Natalia Kunst

I am a Postdoctoral Research Fellow in the Department of Population Medicine at Harvard Medical School and Harvard Pilgrim Health Care Institute, and a Research Affiliate at the Yale University School of Public Health. Previously, I worked as a Senior Health Economist in a consulting company in Norway, developing and adapting decision-analytic models and preparing HTA applications.

My research focuses on applying decision-analytic and statistical methods in cancer, genetics and precision medicine to assess and identify efficient strategies that would improve patients’ health outcomes, and to design and prioritize clinical research in limited-resource settings.

My research interests

Decision-analytic modeling

I have developed several decision-analytic models to simulate clinical benefits, harms and cost-effectiveness of different interventions for various health conditions, such as breast cancer, psoriasis and peanut allergy. Software I use include R, Excel with VBA, and Amua. I am currently learning C++ and Python. When working as a Senior Health Economist, I also adapted a large number of models for various diseases to Norwegian settings.

Health economic evaluation

I have performed a number of health economic evaluations, both in the US settings as part of my research projects and in the Norwegian settings as part of my work with Health Technology Assessment(HTA)/Single Technology Assessment (STA) submissions. Disease areas I have worked with include various types of cancer, immunological disorders, blood disorders and other.

Cancer, precision medicine, genetics

I have built a portfolio of policy-relevant research concerning cancer, genomics, and precision medicine. More specifically, my research has been focusing predominantly on cancer (e.g., breast cancer, colorectal cancer). When formalizing the iterative decision-making framework, I became aware of the challenges associated with the assessment of cost-effectiveness and decision making in precision medicine. Thus, for my post-doctoral training, I moved to Harvard University to gain new skills and expertise in the area of genomics and precision medicine. More specifically, I was awarded Thomas O. Pyle Fellowship and joined the Precision Medicine Treatment (PreEMPT) Modeling team that works on simulating short- and long-term clinical benefits and estimating the cost-effectiveness of integrating different genome screening strategies into clinical care for healthy or high-risk newborns for a wide variety of heritable conditions.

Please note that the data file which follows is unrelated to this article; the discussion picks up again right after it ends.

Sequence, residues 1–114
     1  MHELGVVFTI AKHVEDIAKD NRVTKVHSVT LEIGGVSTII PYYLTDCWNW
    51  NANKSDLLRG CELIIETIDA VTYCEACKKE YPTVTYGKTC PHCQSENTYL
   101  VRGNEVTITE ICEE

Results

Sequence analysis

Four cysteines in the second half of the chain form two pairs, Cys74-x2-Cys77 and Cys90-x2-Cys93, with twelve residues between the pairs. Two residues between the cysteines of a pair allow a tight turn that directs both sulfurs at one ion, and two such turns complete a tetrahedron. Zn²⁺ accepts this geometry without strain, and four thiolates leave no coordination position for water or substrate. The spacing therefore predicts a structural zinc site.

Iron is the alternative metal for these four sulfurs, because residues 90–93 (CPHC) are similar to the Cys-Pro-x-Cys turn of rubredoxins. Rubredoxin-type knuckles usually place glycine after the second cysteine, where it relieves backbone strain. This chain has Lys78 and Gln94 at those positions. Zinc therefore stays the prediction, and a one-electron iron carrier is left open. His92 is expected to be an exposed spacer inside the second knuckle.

Value of information analysis

An essential part of my work focuses on the use of value of information (VOI) analysis to assess and quantify decision uncertainty. I have published several application and methodological papers in this area. I have also held several short courses, seminars and workshops on VOI. Further, I co-founded and have co-led the Collaborative Network for Value of Information (ConVOI). As part of ConVOI, I work on removing the barriers to using VOI analysis in practice, providing training and guidance on the use of VOI, and develop methodological solutions to improve the application of VOI.

Evidence & uncertainty

In my PhD work, I formalized an iterative decision-making framework that highlights the central role of evidence in the process of health decision analysis. This evidence drives the iteration in the decision-making process. Consequently, the proposed framework emphasizes the importance of including a VOI analysis as a part of the decision analysis to evaluate decision uncertainty, assess whether gathering new evidence would be worthwhile, and identify the optimal designs of research.

Health disparities

My research interests also include health disparities. Some of my previous research projects examined regional variation in healthcare resource use. Further, I am part of PreEMPT II grant application at Harvard University. If funded, I will lead one of the three grant aims focusing on the evaluation of newborn screening when accounting for racial disparities. This aim will also involve the use of VOI to potentially reduce racial disparities and improve health equity by guiding decision makers on how to efficiently invest their limited resources to improve available evidence on genetic screening in underrepresented groups.


Selected publications